State warns pharmacies 'potentially' dangerous drugs could be on shelves

The Minnesota Board of Pharmacy is taking action following two federal indictments alleging an Eagan prescription-drug wholesaler unlawfully sold prescription drugs to pharmacies and other drug wholesalers around the country.

The indictments, one out of the Southern District of Ohio and the other from the Northern District of California, say Minnesota Independent Cooperative, better known as MIC, over the course of six years, sold nearly $400 million worth of drugs bought from illegal or unlicensed suppliers. According to the indictment, one of the sources used by MIC bought drugs from "street sources, cab drivers, pharmacies and other drug diverters."

"Diverted drugs include drugs that are misbranded, adulterated, improperly handled, counterfeit, or stolen," Anne Porter, assistant U.S. attorney in the Southern District of Ohio, told Fox 9.

On Monday afternoon, in response to the indictments, Cody Wiberg, the executive director of the Minnesota Board of Pharmacy, sent an email to all of the state's licensed pharmacies and drug wholesalers, telling them "any pharmacy or drug wholesaler that has purchased drugs from MIC should take those allegations into consideration before distributing or dispensing any products obtained from MIC. They should consider notifying customers to whom they sold drugs that were obtained from MIC."

On Tuesday morning, the National Association of Boards of Pharmacy plans to e-mail the Minnesota Board of Pharmacy's message to pharmacies and drug wholesalers across the country.

"It's very unusual to have something of this caliber," Wiberg told Fox 9. "We're encouraging the other state boards of pharmacy to supply information to their licensees and registrants," said Wiberg.

The Minnesota Board of Pharmacy suspended the license for B&Y Wholesalers, a drug wholesaler that the indictments allege was a front for MIC to obtain drugs from unlawful sources. In February, the owner of B&Y Wholesalers pleaded guilty to a felony charge related to the allegations in the indictments. The license for MIC remained active as of Monday night as board members looked for a statutory mechanism to suspend MIC's license. A license allows a company to sell prescription drugs and bring them into he state.

Investigators tell Fox 9 that most of MIC's customers are smaller pharmacies — not the large chains. In fact, Target, CVS, and SuperValu, all tell Fox 9 that their pharmacies have not purchased drugs from MIC.

"If any patient is worried that they might have purchased a product that MIC handled, they should ask their pharmacist, ‘Did you purchase at any time from this outfit I've heard about? And pharmacies are going to be able to tell them, yes or no, we did or we didn't,'" Wiberg said.

The U.S. Attorney's Office expects David Miller, the owner of MIC, to surrender in San Francisco on Tuesday, but Miller's attorney would not confirm that with Fox 9.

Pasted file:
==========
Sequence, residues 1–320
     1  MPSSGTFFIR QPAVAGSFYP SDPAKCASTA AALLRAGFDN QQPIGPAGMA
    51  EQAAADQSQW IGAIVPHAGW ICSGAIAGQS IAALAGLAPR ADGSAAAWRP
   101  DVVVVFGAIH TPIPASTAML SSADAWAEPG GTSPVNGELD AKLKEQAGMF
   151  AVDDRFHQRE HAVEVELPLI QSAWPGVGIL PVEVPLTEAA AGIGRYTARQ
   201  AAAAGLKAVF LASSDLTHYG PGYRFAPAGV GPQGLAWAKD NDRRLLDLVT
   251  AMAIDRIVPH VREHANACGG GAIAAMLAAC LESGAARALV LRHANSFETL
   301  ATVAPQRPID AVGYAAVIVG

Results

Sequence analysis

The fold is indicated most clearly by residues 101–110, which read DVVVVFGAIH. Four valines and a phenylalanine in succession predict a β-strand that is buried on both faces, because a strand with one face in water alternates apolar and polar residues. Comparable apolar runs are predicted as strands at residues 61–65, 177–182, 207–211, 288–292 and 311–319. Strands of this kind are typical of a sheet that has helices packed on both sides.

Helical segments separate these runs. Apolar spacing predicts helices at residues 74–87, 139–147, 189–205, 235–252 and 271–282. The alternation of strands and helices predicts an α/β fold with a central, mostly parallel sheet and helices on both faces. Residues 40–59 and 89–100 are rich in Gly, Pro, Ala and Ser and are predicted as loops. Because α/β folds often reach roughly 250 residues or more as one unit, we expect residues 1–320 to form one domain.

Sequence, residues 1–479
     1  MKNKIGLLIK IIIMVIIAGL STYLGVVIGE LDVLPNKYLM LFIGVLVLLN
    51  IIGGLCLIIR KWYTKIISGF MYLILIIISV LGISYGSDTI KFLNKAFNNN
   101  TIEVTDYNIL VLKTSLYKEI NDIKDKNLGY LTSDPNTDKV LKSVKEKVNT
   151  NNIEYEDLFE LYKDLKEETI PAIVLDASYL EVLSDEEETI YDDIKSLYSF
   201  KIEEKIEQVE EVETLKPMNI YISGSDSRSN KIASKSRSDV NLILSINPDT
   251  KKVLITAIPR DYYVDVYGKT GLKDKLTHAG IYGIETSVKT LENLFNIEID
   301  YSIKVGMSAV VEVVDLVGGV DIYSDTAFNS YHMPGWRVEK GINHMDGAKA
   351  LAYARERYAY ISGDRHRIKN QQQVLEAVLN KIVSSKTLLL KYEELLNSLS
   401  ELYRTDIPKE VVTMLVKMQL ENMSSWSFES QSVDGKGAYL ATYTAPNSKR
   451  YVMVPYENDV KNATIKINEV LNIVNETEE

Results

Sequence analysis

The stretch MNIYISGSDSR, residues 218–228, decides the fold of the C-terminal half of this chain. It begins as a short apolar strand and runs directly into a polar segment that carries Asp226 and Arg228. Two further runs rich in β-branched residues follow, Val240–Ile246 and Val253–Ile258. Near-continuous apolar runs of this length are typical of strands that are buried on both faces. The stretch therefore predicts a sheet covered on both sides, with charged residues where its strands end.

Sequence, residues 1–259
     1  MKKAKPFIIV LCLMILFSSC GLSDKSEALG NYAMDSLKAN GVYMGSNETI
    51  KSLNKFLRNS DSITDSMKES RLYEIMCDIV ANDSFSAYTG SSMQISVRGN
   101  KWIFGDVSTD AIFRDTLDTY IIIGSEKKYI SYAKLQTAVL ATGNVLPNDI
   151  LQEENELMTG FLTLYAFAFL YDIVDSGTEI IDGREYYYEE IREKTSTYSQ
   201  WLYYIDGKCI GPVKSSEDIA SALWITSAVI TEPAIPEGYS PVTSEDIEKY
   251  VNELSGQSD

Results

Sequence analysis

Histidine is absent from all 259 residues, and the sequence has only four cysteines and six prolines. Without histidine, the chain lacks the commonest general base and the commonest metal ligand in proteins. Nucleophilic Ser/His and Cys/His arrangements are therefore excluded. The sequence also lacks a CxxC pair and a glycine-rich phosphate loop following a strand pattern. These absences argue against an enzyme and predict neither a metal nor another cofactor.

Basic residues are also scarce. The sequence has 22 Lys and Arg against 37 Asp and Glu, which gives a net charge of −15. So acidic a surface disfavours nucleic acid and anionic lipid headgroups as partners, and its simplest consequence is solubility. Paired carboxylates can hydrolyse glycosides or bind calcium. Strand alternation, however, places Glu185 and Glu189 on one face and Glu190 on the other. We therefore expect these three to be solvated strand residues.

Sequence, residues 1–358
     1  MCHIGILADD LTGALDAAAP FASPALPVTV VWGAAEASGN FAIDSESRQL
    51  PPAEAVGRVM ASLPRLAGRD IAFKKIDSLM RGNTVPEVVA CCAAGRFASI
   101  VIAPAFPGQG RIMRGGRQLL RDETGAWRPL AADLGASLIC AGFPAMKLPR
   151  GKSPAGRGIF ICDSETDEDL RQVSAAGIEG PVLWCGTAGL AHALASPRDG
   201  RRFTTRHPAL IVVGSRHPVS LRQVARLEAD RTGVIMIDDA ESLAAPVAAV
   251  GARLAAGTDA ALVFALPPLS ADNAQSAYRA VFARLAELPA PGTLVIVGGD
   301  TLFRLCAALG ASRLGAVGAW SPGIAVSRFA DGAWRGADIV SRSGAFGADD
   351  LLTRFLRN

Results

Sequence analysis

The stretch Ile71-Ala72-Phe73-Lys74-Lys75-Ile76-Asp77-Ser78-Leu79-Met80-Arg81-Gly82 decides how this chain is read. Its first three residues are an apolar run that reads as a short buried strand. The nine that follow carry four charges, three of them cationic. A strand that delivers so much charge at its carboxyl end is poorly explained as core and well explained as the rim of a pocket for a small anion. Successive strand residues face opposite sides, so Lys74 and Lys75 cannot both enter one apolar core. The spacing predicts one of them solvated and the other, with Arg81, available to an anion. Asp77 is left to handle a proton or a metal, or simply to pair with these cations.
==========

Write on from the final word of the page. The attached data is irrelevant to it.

In all, 33 people from around the country, including MIC's owner and vice president of operations, have been charged in the conspiracy.

Minnesota Board of Pharmacy statement

"This e-mail is being sent to all licensed pharmacies, pharmacists and drug wholesalers for whom the Minnesota Board of Pharmacy (Board) has an e-mail address."

The Board has reviewed two federal indictments that were handed down last week against a drug wholesaler named Minnesota Independent Cooperative (MIC). That company is licensed by our Board and has a facility in Eagan, MN. Two other drug wholesalers, located in Puerto Rico, were also mentioned in these indictments – FMC Distributors and B&Y Wholesalers, Inc. At this point the Board can neither confirm nor deny that it has been investigating MIC. We can confirm that we have been aware of the federal investigation into MIC for quite some time – and that we provided documents to federal investigators at their request.

The federal indictments allege that MIC was at the center of a massive scheme that involved the sale of potentially adulterated and misbranded drugs to pharmacies and other drug wholesalers. According to the federal allegations, drugs were purchased from illegal sources, false pedigree paperwork was given to purchasers and drugs were deliberately misbranded. If the allegations in the federal indictment are true, the quality of any drug purchased from MIC would be suspect. Consequently, any pharmacy or drug wholesaler that has purchased drugs from MIC should take those allegations into consideration before distributing or dispensing any products obtained from MIC. They should also consider notifying customers to whom they sold drugs that were obtained from MIC.

The owner of B&Y Wholesalers, Inc. pleaded guilty in February to a federal felony charge related to the indictments mentioned above. That being the case, the Board had grounds to issue an Order of Automatic Suspension against B&Y Drug Wholesalers – and such an order was issued this afternoon. The Board is considering what action that it can take, under Minnesota Statutes, against MIC and FMC Distributors.
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